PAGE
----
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Columbia Canal Breached by Congaree River Flooding in South Carolina

Columbia Canal Breached by Congaree River Flooding in South Carolina COVER ART L. ALLAN JAMES University of South Carolina This issue's cover photo is a view north up the Columbia Canal (Columbia, South Carolina) from near the Gervais Street Bridge on October 14th 2015, after it was dammed off with a rock barrier (upper right). The canal was dry due to a breach in the levee separating the canal from the Congaree River, sometime on October 4th after being over-topped by high water. Much of the local and national news coverage of the October 2015 Columbia floods focused on high water along Gills Creek, a small urban watershed on the east side of Columbia that drains into the Congaree River floodplain about five miles below the canal. Gills Creek has a large number of reservoirs and ponds, unlike many of the smaller urban watersheds that drain downtown Columbia. These water bodies usually store flood water and reduce flood peaks. The unprecedented intensity and duration of this precipitation event, however, led to dam failures and the subsequent dam-burst floods propagated downstream. At least four dams in the Gills Creek Watershed failed: Cary's, Upper Rockyford, Lower Rockyford, and Semmes Lakes. Flooding was highly destructive but could have been much worse http://www.deepdyve.com/assets/images/DeepDyve-Logo-lg.png Southeastern Geographer University of North Carolina Press

Columbia Canal Breached by Congaree River Flooding in South Carolina

Southeastern Geographer , Volume 56 (1) – Mar 18, 2016

Columbia Canal Breached by Congaree River Flooding in South Carolina


COVER ART L. ALLAN JAMES University of South Carolina This issue's cover photo is a view north up the Columbia Canal (Columbia, South Carolina) from near the Gervais Street Bridge on October 14th 2015, after it was dammed off with a rock barrier (upper right). The canal was dry due to a breach in the levee separating the canal from the Congaree River, sometime on October 4th after being over-topped by high water. Much of the local and national news coverage of the October 2015 Columbia floods focused on high water along Gills Creek, a small urban watershed on the east side of Columbia that drains into the Congaree River floodplain about five miles below the canal. Gills Creek has a large number of reservoirs and ponds, unlike many of the smaller urban watersheds that drain downtown Columbia. These water bodies usually store flood water and reduce flood peaks. The unprecedented intensity and duration of this precipitation event, however, led to dam failures and the subsequent dam-burst floods propagated downstream. At least four dams in the Gills Creek Watershed failed: Cary's, Upper Rockyford, Lower Rockyford, and Semmes Lakes. Flooding was highly destructive but could have been much worse if the larger dams holding Forest Lake and Lake Katherine had failed. Forest Lake Dam was overtopped by swift flows across the entire length of its crest, but it held. how extreme were these precipitation and flood events? The Congaree River near Columbia streamflow gauge--1.5 km (1 mi) downstream of the Canal breach--has a very long continuous flood record. While the recent event was not a record flood on the Congaree, it was the largest in 79 years. Gills Creek streamflow probably has a very long return period, because it was not only generated by an extreme rainfall, but it was also augmented by dam-burst flows from multiple reservoirs. The peak stage was not recorded directly due to loss of the gauge at Gills Creek. Unlike streamflow, rainfall intensities were...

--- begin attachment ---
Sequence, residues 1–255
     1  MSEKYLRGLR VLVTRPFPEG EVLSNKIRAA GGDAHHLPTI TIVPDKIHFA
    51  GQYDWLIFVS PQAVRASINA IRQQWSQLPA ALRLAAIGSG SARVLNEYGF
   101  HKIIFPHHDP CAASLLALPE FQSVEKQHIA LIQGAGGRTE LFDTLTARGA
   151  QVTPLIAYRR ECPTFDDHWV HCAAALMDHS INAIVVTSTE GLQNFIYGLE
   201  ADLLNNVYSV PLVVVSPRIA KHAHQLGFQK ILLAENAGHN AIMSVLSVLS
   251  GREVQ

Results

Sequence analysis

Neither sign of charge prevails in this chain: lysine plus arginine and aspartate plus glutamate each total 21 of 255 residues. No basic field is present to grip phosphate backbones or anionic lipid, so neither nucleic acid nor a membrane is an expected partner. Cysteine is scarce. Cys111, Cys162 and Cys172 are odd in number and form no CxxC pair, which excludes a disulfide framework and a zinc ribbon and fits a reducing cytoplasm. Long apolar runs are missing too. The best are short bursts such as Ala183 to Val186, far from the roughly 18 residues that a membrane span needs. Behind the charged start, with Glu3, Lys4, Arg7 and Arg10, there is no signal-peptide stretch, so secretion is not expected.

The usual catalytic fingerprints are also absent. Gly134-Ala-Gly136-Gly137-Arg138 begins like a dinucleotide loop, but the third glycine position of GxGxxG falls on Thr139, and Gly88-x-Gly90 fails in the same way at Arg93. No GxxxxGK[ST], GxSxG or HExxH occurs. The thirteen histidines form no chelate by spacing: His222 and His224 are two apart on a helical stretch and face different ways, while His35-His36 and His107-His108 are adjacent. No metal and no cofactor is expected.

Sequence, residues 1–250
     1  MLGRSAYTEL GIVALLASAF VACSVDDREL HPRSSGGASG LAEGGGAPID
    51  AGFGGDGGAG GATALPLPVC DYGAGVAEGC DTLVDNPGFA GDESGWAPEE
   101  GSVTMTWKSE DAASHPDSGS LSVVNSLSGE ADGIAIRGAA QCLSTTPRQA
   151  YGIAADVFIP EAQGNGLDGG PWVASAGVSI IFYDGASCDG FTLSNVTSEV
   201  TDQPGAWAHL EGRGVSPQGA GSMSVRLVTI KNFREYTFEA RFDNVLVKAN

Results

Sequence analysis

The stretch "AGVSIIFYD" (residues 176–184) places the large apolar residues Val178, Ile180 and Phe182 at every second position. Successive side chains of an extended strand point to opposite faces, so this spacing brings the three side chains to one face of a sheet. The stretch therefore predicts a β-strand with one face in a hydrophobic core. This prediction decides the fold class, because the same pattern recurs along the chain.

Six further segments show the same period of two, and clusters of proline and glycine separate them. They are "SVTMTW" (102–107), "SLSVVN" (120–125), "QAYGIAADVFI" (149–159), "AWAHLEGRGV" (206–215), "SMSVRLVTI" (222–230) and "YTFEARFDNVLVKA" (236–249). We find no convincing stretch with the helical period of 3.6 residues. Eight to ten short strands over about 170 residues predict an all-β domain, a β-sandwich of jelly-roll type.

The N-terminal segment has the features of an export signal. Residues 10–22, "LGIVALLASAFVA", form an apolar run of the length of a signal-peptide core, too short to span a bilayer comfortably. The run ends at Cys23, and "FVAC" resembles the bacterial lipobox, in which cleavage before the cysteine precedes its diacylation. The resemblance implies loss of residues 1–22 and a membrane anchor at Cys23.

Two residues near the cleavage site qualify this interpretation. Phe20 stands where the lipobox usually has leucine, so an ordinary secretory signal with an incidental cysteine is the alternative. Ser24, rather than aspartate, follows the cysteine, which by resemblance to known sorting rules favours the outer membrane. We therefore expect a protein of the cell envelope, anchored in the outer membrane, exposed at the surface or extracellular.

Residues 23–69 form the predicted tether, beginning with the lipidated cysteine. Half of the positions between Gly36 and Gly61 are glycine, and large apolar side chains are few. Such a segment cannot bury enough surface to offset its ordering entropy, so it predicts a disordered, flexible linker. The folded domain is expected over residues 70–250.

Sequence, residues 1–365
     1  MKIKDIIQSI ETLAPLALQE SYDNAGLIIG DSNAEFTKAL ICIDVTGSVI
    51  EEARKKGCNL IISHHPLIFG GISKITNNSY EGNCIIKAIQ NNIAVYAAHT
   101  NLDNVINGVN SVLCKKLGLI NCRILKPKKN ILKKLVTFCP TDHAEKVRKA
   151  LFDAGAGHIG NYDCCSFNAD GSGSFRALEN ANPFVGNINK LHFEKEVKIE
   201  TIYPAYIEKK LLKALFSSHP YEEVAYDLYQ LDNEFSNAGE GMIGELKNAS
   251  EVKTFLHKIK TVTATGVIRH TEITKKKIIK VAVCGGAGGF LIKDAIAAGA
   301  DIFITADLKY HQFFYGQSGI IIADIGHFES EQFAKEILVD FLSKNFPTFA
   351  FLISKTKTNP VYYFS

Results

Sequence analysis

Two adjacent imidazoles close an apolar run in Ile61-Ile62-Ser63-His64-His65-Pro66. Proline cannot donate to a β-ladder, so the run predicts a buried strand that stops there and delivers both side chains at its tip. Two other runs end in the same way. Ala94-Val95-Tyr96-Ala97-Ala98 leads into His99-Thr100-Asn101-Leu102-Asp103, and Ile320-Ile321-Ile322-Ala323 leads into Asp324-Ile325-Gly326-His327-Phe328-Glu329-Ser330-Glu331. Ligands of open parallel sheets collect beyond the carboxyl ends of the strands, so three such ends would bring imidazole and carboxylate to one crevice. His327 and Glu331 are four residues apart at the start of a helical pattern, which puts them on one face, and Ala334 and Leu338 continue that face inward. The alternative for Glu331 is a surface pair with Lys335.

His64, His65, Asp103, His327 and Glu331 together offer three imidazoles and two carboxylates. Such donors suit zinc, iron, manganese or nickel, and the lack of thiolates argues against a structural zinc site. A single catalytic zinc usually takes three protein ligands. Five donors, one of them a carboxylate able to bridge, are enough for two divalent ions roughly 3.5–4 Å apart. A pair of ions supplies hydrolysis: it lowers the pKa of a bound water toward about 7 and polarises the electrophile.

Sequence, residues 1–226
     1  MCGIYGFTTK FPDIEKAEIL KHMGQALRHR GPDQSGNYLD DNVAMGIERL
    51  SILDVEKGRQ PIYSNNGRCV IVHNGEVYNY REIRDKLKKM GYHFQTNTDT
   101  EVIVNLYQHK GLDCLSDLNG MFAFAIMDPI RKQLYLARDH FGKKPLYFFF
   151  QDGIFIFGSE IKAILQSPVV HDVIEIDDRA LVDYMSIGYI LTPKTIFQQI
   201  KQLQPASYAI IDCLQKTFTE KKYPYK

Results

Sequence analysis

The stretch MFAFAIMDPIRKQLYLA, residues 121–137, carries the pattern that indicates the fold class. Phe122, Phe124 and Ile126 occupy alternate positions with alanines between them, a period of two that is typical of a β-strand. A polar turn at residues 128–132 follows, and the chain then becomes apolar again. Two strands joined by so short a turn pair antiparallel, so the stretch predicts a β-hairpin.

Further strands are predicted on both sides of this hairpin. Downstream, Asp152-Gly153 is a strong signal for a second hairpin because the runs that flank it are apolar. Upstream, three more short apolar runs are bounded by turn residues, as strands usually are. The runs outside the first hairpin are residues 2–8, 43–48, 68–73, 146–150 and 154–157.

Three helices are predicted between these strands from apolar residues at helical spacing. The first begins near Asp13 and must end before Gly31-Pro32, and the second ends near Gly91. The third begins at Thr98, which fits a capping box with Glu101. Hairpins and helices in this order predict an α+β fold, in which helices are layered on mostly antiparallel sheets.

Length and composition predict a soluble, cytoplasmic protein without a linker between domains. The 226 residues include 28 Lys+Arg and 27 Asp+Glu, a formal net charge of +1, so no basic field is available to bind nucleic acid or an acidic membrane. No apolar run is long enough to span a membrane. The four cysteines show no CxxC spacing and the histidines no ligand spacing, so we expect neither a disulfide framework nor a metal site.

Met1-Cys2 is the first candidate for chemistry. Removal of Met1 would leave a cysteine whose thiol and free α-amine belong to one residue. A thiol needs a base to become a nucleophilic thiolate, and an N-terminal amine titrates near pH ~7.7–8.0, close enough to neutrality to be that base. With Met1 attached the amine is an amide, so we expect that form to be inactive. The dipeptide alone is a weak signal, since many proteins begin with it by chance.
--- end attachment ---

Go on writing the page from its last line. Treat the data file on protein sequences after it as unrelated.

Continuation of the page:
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Publisher
University of North Carolina Press
Copyright
Copyright © The Southeastern Division, Association of American Geographers.
ISSN
1549-6929
Publisher site
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Abstract

COVER ART L. ALLAN JAMES University of South Carolina This issue's cover photo is a view north up the Columbia Canal (Columbia, South Carolina) from near the Gervais Street Bridge on October 14th 2015, after it was dammed off with a rock barrier (upper right). The canal was dry due to a breach in the levee separating the canal from the Congaree River, sometime on October 4th after being over-topped by high water. Much of the local and national news coverage of the October 2015 Columbia floods focused on high water along Gills Creek, a small urban watershed on the east side of Columbia that drains into the Congaree River floodplain about five miles below the canal. Gills Creek has a large number of reservoirs and ponds, unlike many of the smaller urban watersheds that drain downtown Columbia. These water bodies usually store flood water and reduce flood peaks. The unprecedented intensity and duration of this precipitation event, however, led to dam failures and the subsequent dam-burst floods propagated downstream. At least four dams in the Gills Creek Watershed failed: Cary's, Upper Rockyford, Lower Rockyford, and Semmes Lakes. Flooding was highly destructive but could have been much worse

Journal

Southeastern GeographerUniversity of North Carolina Press

Published: Mar 18, 2016

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